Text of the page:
Exploring the job satisfaction of late career secondary physical education teachers

Russell L. Carson, K. Andrew R. Richards, Michael A. Hemphill, Tom Templin

Research output: Contribution to journalArticle

Abstract

As teachers move toward the end of their careers, understanding the experiences that help them derive satisfaction from their work has implications for helping them stay engaged in teaching. The purpose of this study was to qualitatively examine the job satisfaction of late career physical education teachers. Jessica, Sandy, and Bill were later career physical education teachers (17-28 years of experience) who served as participants. All three had been colleagues at Harrisburg Middle School for 13 years. Data were collected using a job satisfaction graphing technique and qualitative interviews, and were analyzed using inductive analysis and constant comparison. Data analysis resulted in three themes related to the interactions teachers experienced with people in the school: 'the kids and control,' 'our administration and marginalization,' and 'my fellow coworkers.' Each theme related to both positive and negative appraisals of the teachers' work. Implications for practice and future research are noted.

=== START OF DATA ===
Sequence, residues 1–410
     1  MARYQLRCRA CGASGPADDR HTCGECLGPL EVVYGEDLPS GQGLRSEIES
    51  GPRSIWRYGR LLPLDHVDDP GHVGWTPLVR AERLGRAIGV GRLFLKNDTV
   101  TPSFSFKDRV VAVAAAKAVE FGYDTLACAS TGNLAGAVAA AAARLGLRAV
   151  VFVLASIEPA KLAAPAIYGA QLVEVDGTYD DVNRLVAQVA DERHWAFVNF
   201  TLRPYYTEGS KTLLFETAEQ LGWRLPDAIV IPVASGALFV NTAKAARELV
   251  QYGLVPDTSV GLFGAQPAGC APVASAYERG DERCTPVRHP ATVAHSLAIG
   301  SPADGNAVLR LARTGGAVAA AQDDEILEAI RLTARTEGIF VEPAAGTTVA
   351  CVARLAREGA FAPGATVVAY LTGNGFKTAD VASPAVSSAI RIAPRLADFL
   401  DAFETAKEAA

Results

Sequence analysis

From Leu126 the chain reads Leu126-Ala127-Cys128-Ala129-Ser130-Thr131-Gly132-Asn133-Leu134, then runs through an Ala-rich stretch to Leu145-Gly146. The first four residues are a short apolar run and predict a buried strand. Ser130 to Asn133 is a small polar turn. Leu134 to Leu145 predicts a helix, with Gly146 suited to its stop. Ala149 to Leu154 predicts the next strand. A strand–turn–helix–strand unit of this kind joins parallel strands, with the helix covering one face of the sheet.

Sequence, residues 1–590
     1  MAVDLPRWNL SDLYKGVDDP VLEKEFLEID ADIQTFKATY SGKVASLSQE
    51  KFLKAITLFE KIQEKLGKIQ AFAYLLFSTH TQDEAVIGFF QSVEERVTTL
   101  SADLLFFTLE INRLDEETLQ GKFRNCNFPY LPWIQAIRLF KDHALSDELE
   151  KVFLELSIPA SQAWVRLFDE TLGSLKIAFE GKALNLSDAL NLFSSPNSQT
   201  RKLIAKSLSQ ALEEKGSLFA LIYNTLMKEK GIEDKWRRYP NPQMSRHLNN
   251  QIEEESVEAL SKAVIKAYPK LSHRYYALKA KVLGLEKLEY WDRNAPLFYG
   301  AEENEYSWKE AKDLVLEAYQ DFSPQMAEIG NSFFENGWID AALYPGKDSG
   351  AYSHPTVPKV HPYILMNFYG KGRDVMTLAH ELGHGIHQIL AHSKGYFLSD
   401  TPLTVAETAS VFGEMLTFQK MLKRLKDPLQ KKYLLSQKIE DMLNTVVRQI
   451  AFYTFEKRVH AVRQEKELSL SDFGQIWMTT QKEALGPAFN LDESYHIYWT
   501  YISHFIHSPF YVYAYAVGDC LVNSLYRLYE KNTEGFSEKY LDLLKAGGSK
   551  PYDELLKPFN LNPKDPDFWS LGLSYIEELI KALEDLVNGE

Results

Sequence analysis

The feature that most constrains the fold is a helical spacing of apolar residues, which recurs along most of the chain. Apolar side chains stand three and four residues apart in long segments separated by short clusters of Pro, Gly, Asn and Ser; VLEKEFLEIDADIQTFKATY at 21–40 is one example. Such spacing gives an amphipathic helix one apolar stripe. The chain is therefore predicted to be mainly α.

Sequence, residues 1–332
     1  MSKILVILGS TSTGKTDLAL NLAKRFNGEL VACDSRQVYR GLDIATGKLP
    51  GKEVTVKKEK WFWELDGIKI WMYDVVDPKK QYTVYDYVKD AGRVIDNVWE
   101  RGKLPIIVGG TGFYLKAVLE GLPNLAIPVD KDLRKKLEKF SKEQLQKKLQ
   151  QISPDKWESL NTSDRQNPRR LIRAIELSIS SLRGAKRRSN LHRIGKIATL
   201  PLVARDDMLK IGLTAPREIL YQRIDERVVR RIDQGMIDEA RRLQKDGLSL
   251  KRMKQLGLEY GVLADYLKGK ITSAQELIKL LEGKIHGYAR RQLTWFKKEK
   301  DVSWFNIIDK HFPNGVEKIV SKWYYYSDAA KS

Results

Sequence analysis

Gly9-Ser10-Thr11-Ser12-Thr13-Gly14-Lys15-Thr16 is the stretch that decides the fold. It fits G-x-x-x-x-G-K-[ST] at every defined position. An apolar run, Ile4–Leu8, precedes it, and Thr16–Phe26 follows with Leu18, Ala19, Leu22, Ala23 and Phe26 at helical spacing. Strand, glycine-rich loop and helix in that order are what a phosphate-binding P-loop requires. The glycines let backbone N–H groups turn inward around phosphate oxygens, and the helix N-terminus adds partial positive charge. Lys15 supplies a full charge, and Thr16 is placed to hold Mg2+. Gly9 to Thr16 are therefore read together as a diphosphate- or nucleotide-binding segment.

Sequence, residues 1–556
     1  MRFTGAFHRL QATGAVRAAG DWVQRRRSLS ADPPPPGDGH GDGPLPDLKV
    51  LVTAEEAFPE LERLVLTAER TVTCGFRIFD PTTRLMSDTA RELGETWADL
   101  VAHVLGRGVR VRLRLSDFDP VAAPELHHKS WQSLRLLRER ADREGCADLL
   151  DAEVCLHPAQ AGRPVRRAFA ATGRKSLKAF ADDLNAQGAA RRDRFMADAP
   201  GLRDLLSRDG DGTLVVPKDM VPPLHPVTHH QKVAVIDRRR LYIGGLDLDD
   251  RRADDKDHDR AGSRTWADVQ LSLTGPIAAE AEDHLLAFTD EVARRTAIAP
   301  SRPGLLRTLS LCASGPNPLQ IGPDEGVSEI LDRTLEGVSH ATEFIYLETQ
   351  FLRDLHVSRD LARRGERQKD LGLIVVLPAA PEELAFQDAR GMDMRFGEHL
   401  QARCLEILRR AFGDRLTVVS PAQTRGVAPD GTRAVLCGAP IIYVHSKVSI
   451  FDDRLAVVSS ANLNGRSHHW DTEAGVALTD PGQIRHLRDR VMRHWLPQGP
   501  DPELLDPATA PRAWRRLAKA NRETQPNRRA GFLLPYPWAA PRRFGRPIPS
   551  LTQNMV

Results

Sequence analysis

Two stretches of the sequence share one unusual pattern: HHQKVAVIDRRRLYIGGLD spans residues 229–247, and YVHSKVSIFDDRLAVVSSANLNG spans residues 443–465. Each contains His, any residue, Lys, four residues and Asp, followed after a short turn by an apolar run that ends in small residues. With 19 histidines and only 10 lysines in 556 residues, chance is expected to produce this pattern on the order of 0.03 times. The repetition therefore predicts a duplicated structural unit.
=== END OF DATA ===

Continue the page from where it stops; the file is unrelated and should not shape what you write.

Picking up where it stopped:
Original languageEnglish (US)
Pages (from-to)284-289
Number of pages6
JournalJournal of Teaching in Physical Education
Volume35
Issue number3
DOIs
StatePublished - Jul 1 2016
Externally publishedYes

Keywords

  • Job satisfaction
  • Late career teachers
  • Workplace facets

ASJC Scopus subject areas

  • Orthopedics and Sports Medicine
  • Physical Therapy, Sports Therapy and Rehabilitation
  • Education

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